Saturday, May 10, 2008
Lebanon: frozen in the headlamps of history
Watching the events in Lebanon from a safe distance provides a frustrating sense of deja vu. It happened in 1938 in Czechoslovakia, but that was before my time. It happened in Hungary again in 1956, and in Czechoslovakia again in 1968, and in Iran in 1979, and now it is happening in Lebanon. A people is being crushed, and the world looks on helpless. Never mind that nobody cares about the Lebanese people. Foreign relations and foreign policy are never really based on humanitarian sentiments and affection. That is just bumf to be written in speeches and schoolbooks. But it is shocking that nobody seems to care that Lebanon has taken one more step on the road it began to travel with the foundation of Hezbollah: the road to becoming an Islamic Republic. The Lebanese government itself, and those who should care about Lebanon, did not seem to have the sense to stop playing with the fire of Hezbollah when it was still possible to do so.
Wednesday, May 7, 2008
Rights for Palestinian refugees
We all agree - every person should have the right to a decent job, good housing, health care and education. Every person should also be the responsibility of some nation state, whether or not that state represents the national feelings they hold in their heart of hearts. There are ethnic Greeks and Jews and Sudanese with American or French or British citizenship, and they are permitted to feel any way they wish about about it. These are fundamental rights, aren't they? [more]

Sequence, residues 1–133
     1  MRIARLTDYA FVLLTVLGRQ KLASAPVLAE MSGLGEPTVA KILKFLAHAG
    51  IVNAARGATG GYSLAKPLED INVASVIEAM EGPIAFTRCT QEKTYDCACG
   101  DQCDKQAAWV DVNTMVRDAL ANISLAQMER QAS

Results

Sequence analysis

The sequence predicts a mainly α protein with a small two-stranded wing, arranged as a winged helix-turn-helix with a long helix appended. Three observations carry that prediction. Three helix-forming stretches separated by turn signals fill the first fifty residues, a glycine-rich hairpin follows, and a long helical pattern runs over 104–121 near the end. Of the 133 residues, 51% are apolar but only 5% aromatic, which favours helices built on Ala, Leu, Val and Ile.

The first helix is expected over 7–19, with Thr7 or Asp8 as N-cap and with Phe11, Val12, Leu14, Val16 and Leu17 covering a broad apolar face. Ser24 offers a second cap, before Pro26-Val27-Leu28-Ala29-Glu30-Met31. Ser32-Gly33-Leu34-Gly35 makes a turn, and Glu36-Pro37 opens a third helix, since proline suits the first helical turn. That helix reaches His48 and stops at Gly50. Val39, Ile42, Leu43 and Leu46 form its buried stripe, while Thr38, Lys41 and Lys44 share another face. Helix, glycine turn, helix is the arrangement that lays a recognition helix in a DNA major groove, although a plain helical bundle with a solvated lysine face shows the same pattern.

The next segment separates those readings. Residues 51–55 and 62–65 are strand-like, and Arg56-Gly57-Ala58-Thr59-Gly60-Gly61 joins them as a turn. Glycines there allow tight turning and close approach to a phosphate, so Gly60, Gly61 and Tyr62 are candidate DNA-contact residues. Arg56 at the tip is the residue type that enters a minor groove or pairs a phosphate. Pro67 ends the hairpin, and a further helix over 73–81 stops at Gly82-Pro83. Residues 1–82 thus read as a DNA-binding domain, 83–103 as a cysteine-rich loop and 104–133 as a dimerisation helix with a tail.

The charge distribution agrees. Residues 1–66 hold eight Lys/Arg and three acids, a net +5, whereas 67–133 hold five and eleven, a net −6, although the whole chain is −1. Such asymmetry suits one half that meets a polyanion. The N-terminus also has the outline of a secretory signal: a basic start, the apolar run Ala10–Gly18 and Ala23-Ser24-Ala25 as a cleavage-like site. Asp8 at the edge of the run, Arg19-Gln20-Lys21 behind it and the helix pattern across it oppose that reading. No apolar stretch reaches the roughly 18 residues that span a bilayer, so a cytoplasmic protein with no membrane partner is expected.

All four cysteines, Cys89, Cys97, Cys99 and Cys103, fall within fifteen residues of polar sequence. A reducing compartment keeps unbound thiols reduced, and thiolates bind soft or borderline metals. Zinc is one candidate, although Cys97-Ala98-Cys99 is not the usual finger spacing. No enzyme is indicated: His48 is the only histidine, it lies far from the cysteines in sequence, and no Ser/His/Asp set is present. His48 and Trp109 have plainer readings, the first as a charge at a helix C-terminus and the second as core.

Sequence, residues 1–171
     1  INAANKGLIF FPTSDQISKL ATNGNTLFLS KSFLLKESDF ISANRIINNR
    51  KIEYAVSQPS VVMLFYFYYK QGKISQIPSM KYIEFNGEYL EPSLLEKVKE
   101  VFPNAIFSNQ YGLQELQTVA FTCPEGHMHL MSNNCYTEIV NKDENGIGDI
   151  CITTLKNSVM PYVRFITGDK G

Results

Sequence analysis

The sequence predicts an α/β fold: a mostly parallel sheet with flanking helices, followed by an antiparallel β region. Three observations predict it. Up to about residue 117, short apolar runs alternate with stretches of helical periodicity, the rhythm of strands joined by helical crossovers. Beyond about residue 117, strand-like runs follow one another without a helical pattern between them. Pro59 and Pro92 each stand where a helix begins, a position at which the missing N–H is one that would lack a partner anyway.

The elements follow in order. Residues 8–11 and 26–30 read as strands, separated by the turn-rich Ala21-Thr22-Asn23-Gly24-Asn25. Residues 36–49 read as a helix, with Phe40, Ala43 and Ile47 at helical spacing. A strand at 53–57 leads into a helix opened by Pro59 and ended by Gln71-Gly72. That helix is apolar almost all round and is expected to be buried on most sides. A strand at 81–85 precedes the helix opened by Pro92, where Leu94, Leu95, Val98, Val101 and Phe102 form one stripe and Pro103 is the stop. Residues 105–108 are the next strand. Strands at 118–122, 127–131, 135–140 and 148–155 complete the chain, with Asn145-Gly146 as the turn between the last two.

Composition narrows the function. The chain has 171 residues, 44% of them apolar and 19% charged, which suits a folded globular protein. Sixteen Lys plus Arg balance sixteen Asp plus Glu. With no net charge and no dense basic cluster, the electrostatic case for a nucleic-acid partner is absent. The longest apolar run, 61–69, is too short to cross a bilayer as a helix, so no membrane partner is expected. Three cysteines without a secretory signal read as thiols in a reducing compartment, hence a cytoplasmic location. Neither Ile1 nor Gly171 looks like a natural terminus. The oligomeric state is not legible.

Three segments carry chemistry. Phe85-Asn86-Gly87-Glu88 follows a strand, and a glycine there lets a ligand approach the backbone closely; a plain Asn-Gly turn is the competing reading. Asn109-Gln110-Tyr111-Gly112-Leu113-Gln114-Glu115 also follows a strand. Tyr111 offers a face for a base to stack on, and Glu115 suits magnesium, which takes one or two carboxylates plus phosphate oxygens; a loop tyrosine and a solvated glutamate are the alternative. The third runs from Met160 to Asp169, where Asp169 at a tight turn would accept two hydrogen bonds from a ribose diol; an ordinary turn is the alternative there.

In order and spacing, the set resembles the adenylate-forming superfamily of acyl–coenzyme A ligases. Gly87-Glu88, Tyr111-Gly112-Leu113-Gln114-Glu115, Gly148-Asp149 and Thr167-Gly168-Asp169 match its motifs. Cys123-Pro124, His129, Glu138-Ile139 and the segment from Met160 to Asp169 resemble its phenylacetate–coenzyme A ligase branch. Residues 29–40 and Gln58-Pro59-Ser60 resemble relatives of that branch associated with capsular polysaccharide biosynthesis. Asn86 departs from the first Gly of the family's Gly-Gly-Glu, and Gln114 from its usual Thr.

Israel-Palestinian negotiations muddle
A great mystery surrounds the Israeli-Palestinian negotiations. These negotiations are supposed to give hope to supporters of peace, and particularly to Palestinian moderates, who need to show some accomplishments in the face of extremism represented by Hamas supporters. [more]
Tuesday, May 6, 2008
Durban Conference: Pushing the World's Battle against Racism
Pushing the World's Battle against Racism
Planning is underway for next year's Durban Review Conference -- the follow-up to the United Nations World Conference Against Racism (WCAR) held in Durban in August/September 2001. The Preparatory Committee ended a two-week meeting in Geneva last week after much negotiating behind the scenes, but with little to show in public. It failed to agree on the venue, length and date for the Durban Review Conference.
Friday, May 2, 2008
Perverting the language of dialogue and peace making
Yours truly has received of late some very different communications that are united by their common cynical abuse of the highest aspirations of the human race. They are all waging war, and attempting to perpetuate hatred and racism. They are all the more odious because they use and abuse the language of "peace," "solutions," "justice" and "reconciliation." [more]
Editors' contributions are copyright by the authors and MidEastWeb for Coexistence RA.
Please link to main article pages and tell your friends about MidEastWeb. Do not copy MidEastWeb materials to your Web Site. That is a violation of our copyright. Click for copyright policy.
MidEastWeb and the editors are not responsible for content of visitors' comments.
Please report any comments that are offensive or racist.
Editors can log in by clicking here